Jan Chats with screenwriter Aline Brosh McKenna about her new film ‘The Devil Wears Prada’

Jan Chats with screenwriter Aline Brosh McKenna about her new film ‘The Devil Wears Prada’

(First Posted in 2006)

September 7, 2006: “Battle for Oscar begins” shouts the headline on the front page of today’s USA TODAY, & indeed folks, it IS a battle. 

PRADA has been one of this summer’s big box office winners. It opened on June 30th with $27.5 million in gross box office revenue for its first weekend, & as I write, it has exceeded $122 million in the USA alone, plus it’s still playing in theatres in metropolitan Chicago (& in many other places as well). Since PRADA had a mid-sized budget (read: no grandiose special effects), it’s been a solid performer compared to “macho-treats” like MISSION: IMPOSSIBLE THREE, POSEIDON, &SUPERMAN RETURNS all of which scored way below expectations.

But as the Awards season heats-up, will the powers-that-be consign this fabulous film to the “chick-flick” category & bypass it, giving a perfunctory nod to the always-amazing Meryl Streep? NOT IF WE FIGHT BACK!!!

I’ve been waiting to post this chat with screenwriter Aline Brosh McKenna (done by phone on July 12th) because I wanted all of you to have the chance to see the film for yourselves before I introduced any spoilers. Now that you have, I hope you will enjoy this detailed discussion of how McKenna created characters much richer & deeper than their literary antecedents.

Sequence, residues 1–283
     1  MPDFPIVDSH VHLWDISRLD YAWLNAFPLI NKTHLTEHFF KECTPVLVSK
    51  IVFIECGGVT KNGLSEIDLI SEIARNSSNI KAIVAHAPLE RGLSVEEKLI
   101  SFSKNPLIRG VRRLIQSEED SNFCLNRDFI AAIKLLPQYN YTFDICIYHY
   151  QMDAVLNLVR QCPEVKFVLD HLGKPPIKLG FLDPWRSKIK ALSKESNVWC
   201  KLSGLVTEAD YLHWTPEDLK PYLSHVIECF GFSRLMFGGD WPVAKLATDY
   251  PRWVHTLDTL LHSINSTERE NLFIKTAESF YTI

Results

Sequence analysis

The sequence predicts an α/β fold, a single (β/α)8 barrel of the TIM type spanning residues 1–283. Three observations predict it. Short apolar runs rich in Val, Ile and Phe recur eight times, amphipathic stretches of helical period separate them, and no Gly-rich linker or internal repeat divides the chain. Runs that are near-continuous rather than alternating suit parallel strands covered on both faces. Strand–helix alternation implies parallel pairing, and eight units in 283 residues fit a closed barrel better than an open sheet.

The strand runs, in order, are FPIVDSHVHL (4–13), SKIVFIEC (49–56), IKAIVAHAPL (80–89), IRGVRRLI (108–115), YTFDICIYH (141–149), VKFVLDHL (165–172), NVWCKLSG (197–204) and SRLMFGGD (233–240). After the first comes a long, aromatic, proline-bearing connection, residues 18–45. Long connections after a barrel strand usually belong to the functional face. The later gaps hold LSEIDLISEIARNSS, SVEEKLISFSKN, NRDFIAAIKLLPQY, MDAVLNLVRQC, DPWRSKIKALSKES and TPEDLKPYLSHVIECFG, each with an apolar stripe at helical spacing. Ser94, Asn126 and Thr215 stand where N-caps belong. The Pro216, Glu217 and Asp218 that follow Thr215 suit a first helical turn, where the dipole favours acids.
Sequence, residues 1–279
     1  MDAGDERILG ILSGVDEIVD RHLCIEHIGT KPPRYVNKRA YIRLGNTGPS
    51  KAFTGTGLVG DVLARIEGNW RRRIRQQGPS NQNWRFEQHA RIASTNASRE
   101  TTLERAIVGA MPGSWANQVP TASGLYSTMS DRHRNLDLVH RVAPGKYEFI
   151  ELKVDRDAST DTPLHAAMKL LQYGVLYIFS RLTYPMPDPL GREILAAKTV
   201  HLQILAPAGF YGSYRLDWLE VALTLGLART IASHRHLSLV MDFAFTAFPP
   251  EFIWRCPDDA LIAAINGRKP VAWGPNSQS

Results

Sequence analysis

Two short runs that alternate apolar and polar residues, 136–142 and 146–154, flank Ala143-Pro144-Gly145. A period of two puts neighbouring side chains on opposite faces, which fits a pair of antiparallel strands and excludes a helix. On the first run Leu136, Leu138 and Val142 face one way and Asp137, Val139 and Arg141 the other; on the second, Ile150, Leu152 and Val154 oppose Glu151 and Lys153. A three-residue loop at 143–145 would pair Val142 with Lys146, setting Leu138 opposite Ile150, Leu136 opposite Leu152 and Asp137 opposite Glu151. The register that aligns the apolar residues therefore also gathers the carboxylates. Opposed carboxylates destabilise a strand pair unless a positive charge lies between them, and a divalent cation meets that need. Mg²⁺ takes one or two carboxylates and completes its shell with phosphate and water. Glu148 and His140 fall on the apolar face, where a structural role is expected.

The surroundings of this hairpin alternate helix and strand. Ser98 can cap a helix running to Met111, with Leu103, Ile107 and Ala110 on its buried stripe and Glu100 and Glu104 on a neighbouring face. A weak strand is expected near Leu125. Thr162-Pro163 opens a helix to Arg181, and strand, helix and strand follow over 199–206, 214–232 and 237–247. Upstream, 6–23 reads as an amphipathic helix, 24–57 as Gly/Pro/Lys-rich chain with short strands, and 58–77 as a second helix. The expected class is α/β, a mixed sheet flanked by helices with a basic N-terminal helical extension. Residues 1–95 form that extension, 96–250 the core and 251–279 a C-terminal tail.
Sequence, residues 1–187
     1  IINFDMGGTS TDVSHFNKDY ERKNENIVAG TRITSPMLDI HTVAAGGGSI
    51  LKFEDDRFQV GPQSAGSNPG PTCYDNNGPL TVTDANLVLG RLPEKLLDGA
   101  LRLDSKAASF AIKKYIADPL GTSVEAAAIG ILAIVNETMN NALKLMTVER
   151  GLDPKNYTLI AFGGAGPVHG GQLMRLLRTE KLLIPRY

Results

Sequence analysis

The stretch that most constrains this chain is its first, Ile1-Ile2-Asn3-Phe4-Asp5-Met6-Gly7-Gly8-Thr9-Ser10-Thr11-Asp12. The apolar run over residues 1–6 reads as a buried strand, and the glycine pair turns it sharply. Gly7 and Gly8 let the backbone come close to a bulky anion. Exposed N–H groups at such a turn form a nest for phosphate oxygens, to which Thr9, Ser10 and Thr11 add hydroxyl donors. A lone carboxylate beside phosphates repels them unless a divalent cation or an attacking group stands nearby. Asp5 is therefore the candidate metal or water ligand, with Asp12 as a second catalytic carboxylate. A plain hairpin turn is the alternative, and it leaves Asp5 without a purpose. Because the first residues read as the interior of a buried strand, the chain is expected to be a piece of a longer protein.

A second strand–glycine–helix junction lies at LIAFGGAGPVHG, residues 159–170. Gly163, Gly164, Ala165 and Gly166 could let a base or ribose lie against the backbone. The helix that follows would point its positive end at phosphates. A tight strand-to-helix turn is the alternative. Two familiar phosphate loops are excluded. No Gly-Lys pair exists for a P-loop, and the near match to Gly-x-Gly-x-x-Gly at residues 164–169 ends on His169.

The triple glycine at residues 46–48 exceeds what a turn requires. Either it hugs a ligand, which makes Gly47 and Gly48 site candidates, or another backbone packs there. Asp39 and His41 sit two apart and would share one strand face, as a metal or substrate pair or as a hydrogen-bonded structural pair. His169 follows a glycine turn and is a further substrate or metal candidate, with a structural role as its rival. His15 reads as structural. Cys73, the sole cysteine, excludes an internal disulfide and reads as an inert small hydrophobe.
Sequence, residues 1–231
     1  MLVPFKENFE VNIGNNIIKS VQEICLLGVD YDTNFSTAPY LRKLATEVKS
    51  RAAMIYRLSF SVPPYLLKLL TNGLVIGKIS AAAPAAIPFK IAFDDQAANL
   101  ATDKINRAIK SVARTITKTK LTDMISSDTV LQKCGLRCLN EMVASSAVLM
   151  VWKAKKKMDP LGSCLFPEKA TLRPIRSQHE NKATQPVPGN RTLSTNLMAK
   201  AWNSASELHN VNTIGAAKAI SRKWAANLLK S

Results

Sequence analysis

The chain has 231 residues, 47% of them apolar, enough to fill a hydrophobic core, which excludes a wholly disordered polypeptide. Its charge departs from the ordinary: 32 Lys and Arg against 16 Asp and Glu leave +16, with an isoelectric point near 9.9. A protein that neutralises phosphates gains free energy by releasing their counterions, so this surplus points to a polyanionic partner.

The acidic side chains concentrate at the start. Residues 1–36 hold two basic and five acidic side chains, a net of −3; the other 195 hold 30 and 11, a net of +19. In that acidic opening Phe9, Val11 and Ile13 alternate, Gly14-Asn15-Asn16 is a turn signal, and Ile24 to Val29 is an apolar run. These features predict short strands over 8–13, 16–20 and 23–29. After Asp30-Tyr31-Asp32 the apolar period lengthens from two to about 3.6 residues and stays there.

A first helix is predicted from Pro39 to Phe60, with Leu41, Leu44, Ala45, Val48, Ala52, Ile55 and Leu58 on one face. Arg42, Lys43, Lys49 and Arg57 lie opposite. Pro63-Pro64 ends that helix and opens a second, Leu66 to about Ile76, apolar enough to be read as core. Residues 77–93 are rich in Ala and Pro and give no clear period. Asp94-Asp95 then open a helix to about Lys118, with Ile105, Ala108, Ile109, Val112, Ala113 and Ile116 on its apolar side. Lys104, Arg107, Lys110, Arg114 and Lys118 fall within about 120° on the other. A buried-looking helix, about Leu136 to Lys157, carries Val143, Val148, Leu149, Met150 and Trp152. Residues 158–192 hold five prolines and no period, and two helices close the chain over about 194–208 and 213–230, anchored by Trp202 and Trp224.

Yes, Meryl Streep does an extraordinary job as “Miranda Priestly.” This may be one of the greatest performances in her unparalleled career. But remember folks: Streep did not write her own lines, direct herself, or dress herself, & while she certainly had input, her job as an actor is to “embody” a character created by the people behind the camera (most especially, in this case, screenwriter McKenna).

Jan:  I need to start this interview with some background about myself, Aline, so you’ll know where I’m coming from: I used to work for KPMG Peat Marwick, one of the “Big Eight” accounting firms, & the address of our New York office was 345 Park Avenue. So I lived at the Marriott East Side, our corporate hotel, for months at a time, & the Smith & Wollensky restaurant that figures so prominently in the movie was right around the corner. PRADA’s filmed in “my” New York neighborhood!

Aline:  Hilarious, all that stuff was shot where you lived?

Jan:  Exactly; & working for a large firm, I lived just the kind of life that Andy lives. So, I went to see PRADA & I absolutely loved it. I found a copy of the book the very next day, devoured it, & went back to the see the movie again. And I took a bunch of my friends with me the second time, & they all loved it too.

The book is a kvetch-a-thon, a “roman-a-kvetch.” Lauren Weisberger basically wrote a first-person story about a very young woman & the problems she has with her boyfriend, her roommate, her family, & oh yes, her boss. In your screenplay, though, you’ve eliminated most of that & focused on business world, & you really explain the Enron Era better than anything else I’ve ever seen.